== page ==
The Sage Intacct Journey: A Blog Series with Greg Sands and Kathy Lord, Part 4
Kathy Lord, Senior Vice President of Sales and Customer Success, at Sage Intacct recently sat down with Greg Sands, Founding and Managing Director of Costanoa Ventures, and also a former board member of Intacct, to discuss Sage Intacct’s journey over the past decade.
Kathy has been with Sage Intacct for over 11 years, and is participating in a four-part blog series with Greg discussing what it takes to build great SaaS companies, the early stages of Sage Intacct, what she would do differently, and knowing the exact signs that it’s time to scale your company.
If you missed the previous blogs from the series, check out the first, second, and third post. To wrap up this four-part blog series on Sage Intacct’s $850M, readers will be hearing from both Greg and Kathy today.
Check out their final post below as they discuss their journey with Sage Intacct, and things they would have done differently.
Greg: If you look back on your 11-year tenure at Intacct, now Sage Intacct, I'd love to hear you reflect on with 20/20 hindsight, what would you do differently the next time, or what would you have done differently if you had it to do over again?
Kathy: That's such a great question, and one thankfully I've asked myself a number of times over the course actually of my entire tenure, as you kind of reach each next stage of growth.
I think there's three or four things that I would definitely have done, and first one being I would have hired more sales reps even if we didn't have the pipeline generation capacity for them. This would have driven the need to invest in sales enablement and training at a much bigger scale earlier, and earlier investment in a Customer Success program. We invested in Customer Success probably before the majority of companies even knew what it was. But frankly? That needs to be Day One in a SaaS company.
We would've done verticals sooner and really thought about pipeline generation and done more outbound prospecting sooner. For the size of the market that we had to go attack, and the ability that we had to disrupt that market, we were too cash-conservative. I mean it's easy to say that now, when you look back though!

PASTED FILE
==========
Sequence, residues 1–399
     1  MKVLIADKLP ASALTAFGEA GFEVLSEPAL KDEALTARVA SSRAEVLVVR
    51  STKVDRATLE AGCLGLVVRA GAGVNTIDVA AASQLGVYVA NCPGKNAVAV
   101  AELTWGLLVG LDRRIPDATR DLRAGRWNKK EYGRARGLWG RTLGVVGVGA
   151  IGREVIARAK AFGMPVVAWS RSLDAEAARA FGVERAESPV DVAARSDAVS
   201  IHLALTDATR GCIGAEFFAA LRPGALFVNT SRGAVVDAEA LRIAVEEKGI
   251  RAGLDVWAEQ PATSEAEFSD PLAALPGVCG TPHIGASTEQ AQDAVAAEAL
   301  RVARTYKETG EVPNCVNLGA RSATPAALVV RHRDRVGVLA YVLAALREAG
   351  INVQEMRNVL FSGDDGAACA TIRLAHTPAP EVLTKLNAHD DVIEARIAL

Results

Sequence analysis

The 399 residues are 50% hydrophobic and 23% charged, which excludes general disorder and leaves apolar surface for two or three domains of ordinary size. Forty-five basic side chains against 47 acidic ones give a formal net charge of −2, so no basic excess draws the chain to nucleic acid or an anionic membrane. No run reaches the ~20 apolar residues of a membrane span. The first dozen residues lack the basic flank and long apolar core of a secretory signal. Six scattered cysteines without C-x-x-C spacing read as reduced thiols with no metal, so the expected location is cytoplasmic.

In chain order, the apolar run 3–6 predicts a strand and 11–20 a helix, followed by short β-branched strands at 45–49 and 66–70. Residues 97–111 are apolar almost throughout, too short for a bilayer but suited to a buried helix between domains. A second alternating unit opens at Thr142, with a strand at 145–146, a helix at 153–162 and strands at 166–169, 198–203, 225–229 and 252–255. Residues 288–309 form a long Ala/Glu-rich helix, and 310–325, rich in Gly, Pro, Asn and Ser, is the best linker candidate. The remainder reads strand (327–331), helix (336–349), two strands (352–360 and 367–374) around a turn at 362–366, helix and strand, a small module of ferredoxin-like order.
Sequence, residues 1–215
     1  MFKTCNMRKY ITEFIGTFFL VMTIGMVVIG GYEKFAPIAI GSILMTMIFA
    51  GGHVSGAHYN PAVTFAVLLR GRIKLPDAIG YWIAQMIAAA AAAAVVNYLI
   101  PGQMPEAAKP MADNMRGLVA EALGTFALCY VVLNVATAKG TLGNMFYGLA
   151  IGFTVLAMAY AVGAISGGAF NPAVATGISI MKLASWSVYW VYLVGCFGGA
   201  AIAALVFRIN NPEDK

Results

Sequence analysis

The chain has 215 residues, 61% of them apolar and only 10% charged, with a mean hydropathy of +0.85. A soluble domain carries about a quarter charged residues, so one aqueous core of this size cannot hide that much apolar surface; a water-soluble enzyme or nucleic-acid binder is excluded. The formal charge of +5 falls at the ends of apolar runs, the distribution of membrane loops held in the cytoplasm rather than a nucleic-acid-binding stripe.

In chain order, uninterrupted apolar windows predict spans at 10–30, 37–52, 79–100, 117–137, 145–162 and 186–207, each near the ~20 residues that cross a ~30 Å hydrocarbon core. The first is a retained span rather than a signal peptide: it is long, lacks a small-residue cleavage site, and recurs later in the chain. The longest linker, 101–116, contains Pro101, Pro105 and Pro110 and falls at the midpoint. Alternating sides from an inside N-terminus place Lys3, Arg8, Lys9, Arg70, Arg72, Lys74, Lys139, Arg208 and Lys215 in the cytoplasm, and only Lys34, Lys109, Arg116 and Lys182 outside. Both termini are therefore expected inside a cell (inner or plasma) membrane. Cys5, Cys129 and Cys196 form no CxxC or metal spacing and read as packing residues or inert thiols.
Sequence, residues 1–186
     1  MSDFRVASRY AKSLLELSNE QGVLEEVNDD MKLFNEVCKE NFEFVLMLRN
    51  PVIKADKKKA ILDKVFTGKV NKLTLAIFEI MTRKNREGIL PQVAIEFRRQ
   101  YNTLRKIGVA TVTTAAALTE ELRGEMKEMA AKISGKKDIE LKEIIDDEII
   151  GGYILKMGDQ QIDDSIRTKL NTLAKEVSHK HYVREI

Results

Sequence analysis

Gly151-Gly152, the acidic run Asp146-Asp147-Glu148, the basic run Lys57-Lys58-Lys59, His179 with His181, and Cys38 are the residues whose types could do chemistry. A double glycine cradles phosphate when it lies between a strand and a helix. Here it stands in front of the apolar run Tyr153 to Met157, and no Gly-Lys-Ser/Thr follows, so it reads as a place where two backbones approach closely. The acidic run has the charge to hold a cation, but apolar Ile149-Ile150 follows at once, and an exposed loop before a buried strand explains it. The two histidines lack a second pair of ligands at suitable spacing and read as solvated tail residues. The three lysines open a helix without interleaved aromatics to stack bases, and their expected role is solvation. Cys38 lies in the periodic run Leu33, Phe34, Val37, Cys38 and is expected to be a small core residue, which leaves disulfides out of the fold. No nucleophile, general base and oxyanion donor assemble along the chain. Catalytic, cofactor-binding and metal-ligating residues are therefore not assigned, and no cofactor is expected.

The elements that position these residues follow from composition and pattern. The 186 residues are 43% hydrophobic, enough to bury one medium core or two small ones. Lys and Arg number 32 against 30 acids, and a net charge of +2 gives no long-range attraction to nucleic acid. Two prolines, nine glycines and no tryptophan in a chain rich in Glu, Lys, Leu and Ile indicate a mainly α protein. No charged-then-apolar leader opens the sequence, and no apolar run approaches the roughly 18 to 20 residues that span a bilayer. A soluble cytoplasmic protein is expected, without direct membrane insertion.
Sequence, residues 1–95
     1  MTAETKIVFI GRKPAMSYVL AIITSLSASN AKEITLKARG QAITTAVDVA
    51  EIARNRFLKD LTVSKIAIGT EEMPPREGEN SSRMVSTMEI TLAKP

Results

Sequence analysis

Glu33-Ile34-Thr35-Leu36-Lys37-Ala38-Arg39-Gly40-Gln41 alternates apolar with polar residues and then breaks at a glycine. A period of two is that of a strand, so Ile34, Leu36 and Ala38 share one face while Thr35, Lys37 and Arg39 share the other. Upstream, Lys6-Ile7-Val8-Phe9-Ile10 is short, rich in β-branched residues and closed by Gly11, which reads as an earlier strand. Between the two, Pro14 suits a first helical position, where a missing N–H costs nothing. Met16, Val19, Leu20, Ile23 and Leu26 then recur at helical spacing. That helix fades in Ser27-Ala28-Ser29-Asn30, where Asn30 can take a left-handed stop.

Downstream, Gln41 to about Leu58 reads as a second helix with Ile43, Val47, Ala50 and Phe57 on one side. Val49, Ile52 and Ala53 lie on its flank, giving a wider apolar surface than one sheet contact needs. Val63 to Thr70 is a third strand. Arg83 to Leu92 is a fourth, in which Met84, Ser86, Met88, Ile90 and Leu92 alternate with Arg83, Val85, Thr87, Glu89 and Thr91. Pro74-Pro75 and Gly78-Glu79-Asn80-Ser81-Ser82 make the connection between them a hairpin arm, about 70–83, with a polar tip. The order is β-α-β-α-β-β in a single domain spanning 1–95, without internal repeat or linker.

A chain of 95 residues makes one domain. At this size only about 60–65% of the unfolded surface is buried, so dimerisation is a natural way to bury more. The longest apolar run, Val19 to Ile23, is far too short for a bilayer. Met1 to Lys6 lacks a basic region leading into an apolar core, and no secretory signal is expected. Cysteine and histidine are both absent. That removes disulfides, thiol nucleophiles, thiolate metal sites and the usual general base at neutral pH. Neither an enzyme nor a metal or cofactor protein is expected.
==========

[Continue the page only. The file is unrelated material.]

When you're in the moment and you're balancing the risk of, “Do we raise more money and get more dilution? Or do we be more conservative?” As they say, “Cash is queen,” when you're trying to run a very capital-efficient company and get to that point of profitability.
I think the way that buyers buy today is so different and what we've found is that it's really a combination of the traditional demand generation programs coupled with an outbound sales development team that's partnered with their sales reps.
It's leveraging and playing off of your partner ecosystem, whatever flavor that may look like. And it's putting all those together so you get one plus one equals ten.
The majority of SaaS companies that are disrupting markets are having to compete against much larger companies, and with much deeper pockets. They have to be more agile.
It's the ability to get greater leverage and better execution than your bigger counterparts in the market. I think the secret sauce for us for really accelerating growth these last few years; taking the combination of all of those activities to accelerate our pipeline generation.
Greg: Absolutely, these are hard decisions. They're always made in real-time without future visibility, a little bit through the fog of war. And it was an amazing journey that I was thrilled to be part of with you, Kathy, and I know it took a lot of Herculean efforts and great work by you and many other members of the team – a lot of fundamentals, a lot of execution. I'm really grateful for your hard work and for your sharing your perspective.
Kathy: Thank you, Greg. Likewise; Sage Intacct is incredibly grateful to you and to Costanoa for being such an instrumental part of our success.
And that wraps up this four-part blog series with Greg Sands and Kathy Lord! Thank you for reading as we talked through Intacct's Journey to an $850M exit.
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